The 1995 book presents evidence that Albert Wallach, an American fighting against Franco, fell by firing squad to the Communists, who bizarrely accused him acting as an “agent of the U.S. espionage service.” Overwhelming evidence exists of other “starry-eyed recruits” murdered in such fascistic fashion.

Further proof undermining the characterization of the International Brigade as a phalanx against fascism emerged from the Soviet archives. About four of every five Americans fighting belonged, like Delmer Berg, to the American Communist Party or Young Communist League. They went abroad to do the bidding of their masters in Moscow, not because of idealistic notions about fighting fascism, the data suggests. During the Nazi-Soviet pact, the leader of the veterans organization representing the Americans in the International Brigade strangely accused proponents of aid to nations fighting Hitler as “stabbing Spain in the back.” When Stalin aligned with Hitler, Delmer Berg did not divorce himself from Stalin. He remained, as the Times explains, an “unreconstructed Communist.”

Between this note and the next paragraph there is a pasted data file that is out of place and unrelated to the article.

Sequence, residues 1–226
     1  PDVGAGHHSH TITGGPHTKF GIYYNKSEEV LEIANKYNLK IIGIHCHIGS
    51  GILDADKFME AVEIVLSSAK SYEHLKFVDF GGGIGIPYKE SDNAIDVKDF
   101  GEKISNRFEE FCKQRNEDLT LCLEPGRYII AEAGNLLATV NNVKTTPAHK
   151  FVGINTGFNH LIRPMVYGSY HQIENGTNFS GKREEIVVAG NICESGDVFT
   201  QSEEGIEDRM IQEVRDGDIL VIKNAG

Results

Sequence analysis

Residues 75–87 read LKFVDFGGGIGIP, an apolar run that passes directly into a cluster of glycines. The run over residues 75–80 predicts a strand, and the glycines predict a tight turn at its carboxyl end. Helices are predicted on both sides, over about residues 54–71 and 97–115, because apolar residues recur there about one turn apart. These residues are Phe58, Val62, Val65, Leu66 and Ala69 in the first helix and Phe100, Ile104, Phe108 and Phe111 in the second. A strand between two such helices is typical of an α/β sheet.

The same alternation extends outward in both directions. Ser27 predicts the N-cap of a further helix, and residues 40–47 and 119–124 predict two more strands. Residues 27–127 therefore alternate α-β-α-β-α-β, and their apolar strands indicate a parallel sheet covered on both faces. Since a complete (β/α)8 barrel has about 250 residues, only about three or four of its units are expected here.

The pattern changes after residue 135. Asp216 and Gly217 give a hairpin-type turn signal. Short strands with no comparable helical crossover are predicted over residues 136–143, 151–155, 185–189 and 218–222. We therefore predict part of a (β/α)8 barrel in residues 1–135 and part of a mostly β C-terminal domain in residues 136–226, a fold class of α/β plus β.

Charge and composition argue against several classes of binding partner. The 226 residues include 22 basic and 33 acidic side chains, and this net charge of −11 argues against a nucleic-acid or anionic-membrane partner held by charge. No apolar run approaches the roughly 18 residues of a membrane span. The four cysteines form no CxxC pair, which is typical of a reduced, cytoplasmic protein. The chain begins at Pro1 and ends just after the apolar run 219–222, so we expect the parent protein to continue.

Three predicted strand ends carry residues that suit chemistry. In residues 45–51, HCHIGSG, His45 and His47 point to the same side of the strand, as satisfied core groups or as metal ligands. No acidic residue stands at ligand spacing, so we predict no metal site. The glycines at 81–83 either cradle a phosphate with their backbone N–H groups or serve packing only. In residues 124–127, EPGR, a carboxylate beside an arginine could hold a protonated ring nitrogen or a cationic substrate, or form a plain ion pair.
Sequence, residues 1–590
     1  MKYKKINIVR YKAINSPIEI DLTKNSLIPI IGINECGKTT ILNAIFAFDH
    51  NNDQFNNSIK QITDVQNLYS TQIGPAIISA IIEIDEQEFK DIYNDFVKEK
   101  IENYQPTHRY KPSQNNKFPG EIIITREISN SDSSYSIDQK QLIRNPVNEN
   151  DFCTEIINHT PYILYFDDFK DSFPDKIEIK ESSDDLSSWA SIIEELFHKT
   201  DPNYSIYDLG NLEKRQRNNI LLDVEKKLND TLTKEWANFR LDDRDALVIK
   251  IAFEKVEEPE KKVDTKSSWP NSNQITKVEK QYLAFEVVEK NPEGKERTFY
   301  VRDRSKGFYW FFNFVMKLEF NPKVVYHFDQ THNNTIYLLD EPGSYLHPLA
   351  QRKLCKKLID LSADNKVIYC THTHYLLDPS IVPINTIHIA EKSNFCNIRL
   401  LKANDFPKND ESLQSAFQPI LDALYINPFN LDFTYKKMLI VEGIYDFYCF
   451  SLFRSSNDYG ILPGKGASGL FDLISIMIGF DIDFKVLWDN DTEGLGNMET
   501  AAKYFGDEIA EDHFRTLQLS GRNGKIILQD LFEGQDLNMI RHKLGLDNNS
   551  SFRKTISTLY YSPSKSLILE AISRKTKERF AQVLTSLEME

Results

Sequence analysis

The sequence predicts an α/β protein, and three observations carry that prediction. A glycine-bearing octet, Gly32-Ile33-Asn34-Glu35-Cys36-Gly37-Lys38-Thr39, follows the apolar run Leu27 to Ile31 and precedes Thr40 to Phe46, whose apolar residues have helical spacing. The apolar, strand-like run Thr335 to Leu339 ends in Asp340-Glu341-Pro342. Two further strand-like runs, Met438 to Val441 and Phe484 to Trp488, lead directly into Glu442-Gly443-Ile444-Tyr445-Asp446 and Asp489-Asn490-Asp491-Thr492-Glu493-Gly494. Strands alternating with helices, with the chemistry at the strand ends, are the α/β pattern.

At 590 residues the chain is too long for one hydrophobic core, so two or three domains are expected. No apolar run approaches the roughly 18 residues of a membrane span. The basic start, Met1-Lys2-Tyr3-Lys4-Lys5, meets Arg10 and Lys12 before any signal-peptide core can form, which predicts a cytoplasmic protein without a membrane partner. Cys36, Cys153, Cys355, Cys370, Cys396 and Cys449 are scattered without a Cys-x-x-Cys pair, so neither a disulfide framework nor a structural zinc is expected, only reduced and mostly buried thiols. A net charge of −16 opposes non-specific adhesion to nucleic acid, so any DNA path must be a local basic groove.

The Communists who behaved fascistically while feigning a fight against fascism in Spain succeeded in portraying theirs as a just cause everywhere else. The popularity of the phrase “premature antifascist,” falsely attributed to ignoramuses employed by the American government, strikes as a case in point. The words convey the idea that the American government came late to opposing Nazism and harbored suspicions of those who correctly stood against Hitler at an earlier date. It cast those who trekked to Spain in a noble light (ignoring their subsequent mental gymnastics during the Hitler-Stalin pact). “We examined thousands of pages and did not see the term ‘premature antifascist’ once,” John Early Haynes and Harvey Klehr write about contemporaneous government reports in their book In Denial: Historians, Communism, and Espionage. They add: “Our curiosity aroused, we checked the various books that claimed a malevolent government origin for the term but found not a single citation to a specific FBI, U.S. Army or government document.”